By Nicole Brenez
Abandoning her studies in plastic arts to help the Cambodian frontier refugees: an action as such summarizes the attitude of Ing Kanjanavanit, journalist, writer and filmmaker. Quitting the academia because there were more urgent matters to attend was her next action. That’s how art connects directly with the violence of reality and finds itself reconfigured in it, as it is accredited in the work of Ing K, completely consecrated to the political, social, religious, economic and ecological problems of her country Thailand, or, as she calls it “Siam”, according to its anti-fascist name.
Thailand for Sale (1991), Green Menace (1993) and Casino Cambodia (1994) form a triptych consecrated to the ecological and social catastrophes that the government elections generated, developing the tourism industry in a massive scale. Casino Cambodia extends its purpose during time, contemplating how tourism transforms the bloody centers of the Khmère Rouge dictatorship into attraction and vacation spots.
From 1998 to 2008, Ing K develops another slope, one dedicated to religion. After a grotesque, anti-clerical film such as My Teacher Eats Biscuits (1998), Citizen Juling (2008) reconstructs the path of a young woman who falls in a coma after an aggression committed by fanatics. A never seen description of the inter-religious conflicts from north to south Thailand, Citizen Juling confronts the death of her absent protagonist, the search for existence, survival and persistence through all means necessary.
Shakespeare Must Die (2012) represents brilliantly the corrupt and bloody dictatorship that rules in Bangkok, and adaptation between lines of Macbeth. The film censorship, under the pretext of being a “threat of national security”, drove Ing K to document the day to day of all processes realized before the authorities to free Shakespeare Must Die. The Kafkaesque Censors Must Die (2013) was born after this film, a profound summary of the rational and irrational tactics of both parts, a great love film to his protagonist, the producer and photographer Manit Sriwanichpoom. The film is crammed with one of the characteristics of Ing K’s style: the passion for factual precision, capable to poetically collapse the arbitrariness, the obscurantism and the absurd that prevails in the dictatorship. “It’s the cinematographic democracy in action in every obscene and burlesque detail; a somber report of events plagued with a number of farces, to be appreciated as a comedy”.*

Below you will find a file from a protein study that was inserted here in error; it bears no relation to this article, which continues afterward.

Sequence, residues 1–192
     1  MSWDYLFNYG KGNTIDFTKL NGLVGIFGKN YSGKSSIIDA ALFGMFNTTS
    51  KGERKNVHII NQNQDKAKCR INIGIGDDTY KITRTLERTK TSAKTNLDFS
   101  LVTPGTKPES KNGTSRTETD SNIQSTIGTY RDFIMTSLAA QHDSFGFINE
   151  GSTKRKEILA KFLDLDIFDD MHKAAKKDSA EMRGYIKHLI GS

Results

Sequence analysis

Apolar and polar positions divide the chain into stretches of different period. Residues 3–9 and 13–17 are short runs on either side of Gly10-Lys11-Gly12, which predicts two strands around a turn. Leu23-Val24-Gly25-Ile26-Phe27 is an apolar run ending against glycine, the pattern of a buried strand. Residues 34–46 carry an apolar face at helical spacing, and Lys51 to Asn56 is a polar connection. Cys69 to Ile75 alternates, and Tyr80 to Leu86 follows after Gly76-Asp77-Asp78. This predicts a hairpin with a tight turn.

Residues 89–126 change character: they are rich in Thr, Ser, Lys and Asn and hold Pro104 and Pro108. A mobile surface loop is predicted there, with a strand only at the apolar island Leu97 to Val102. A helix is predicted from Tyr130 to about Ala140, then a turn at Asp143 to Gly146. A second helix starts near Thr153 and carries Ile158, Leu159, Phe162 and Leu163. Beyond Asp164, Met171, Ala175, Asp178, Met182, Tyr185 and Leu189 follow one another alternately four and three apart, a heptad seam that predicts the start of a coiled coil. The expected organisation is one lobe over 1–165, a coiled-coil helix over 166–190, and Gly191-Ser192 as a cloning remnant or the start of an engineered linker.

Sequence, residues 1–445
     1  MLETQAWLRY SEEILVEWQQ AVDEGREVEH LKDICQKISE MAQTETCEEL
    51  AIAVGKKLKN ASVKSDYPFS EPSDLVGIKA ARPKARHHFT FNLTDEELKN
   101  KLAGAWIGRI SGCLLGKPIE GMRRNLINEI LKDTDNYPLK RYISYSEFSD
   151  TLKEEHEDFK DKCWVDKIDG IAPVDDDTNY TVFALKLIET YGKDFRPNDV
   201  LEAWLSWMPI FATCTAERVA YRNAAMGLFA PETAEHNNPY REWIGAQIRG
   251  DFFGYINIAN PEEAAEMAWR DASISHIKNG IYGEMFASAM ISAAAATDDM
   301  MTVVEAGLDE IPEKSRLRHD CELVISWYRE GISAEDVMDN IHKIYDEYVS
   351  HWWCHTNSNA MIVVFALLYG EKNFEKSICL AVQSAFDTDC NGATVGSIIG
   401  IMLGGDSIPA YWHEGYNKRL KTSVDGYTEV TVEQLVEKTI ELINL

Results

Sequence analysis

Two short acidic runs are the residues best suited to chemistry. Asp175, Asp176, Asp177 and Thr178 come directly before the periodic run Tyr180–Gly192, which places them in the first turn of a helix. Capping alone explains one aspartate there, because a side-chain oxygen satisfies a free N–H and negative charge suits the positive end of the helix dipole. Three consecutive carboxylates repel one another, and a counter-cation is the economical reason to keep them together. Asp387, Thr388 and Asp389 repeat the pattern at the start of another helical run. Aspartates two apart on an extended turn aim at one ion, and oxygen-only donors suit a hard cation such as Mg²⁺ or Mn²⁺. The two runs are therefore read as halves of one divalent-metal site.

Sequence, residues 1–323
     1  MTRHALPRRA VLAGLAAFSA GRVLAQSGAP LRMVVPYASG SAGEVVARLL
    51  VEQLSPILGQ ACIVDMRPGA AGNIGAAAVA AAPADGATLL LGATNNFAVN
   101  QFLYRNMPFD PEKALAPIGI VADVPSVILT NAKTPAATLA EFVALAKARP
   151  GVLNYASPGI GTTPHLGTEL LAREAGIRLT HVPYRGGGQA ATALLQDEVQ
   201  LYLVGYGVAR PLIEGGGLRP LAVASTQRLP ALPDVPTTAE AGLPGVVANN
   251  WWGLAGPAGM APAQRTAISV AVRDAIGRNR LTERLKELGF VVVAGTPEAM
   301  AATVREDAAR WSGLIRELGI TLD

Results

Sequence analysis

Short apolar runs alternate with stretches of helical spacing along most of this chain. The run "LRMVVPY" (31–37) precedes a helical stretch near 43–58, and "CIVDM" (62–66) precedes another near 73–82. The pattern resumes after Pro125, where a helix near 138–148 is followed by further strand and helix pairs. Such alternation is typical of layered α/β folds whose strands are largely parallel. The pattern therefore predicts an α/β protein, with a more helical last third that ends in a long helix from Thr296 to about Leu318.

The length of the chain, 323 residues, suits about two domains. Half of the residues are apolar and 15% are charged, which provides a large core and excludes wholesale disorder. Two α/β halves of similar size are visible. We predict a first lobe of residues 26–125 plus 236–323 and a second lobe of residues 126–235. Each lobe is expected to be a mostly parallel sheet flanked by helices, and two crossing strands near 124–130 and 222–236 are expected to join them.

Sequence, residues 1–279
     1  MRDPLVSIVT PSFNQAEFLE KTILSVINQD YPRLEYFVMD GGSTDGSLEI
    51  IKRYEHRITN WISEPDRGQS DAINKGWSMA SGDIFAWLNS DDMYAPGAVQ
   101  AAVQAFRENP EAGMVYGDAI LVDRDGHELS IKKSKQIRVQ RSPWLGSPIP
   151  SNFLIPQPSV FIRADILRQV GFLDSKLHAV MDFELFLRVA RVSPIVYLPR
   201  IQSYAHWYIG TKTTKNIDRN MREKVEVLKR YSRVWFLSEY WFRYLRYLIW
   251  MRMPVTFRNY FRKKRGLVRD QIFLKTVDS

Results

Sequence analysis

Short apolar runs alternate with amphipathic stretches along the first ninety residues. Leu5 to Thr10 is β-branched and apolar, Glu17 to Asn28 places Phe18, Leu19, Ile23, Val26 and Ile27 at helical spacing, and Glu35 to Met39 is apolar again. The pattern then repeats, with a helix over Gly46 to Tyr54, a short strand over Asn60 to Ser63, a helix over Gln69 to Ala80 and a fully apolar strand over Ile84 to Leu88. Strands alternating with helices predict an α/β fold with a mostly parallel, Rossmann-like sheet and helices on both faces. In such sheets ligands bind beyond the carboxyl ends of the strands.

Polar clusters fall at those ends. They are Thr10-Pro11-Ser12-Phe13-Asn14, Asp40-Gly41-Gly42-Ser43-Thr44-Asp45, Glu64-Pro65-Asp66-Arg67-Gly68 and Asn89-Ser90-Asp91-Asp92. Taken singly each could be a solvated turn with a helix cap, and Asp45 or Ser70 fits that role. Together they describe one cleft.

Bangkok Joyride 1 and 2 show the circumstantial report of the 2013 manifestations, which took to the streets millions of Thailand’s people claiming for democracy. The descriptive enterprise lets the protesters speak: the two components of Bangkok Joyride describe the oppressed people in the portrayal of its own imagination, of its own and endless expressive capacity, people drunk of energy that legitimizes its right to obtain a democratic constitution. Ing K announces a component titled Singing at Funerals and with this title, we can add her trilogy to the registry of film monuments of democratic learning, joining films such as Pere Portabella’s Rapport Général (1977) and Rui Simões’ Bon Peuple Portugais (1980) two post-dictatorship films that we wish give some closure to the demonstrators of Bangkok and their devoted portraitist.
* « Wherever [Manit] went, amidst political upheaval in a land of fear, a camera followed him, into secret places long hidden from the sun, where witnesses are not welcome. The resulting cinema verite is the living story of a struggle for justice and human dignity, for the fundamental right to freedom of expression, which Thai filmmakers do not have. This is cinematic democracy in action, in all its obscene and heartbreaking details; a dark record of events farcical enough to be enjoyed as a comedy. »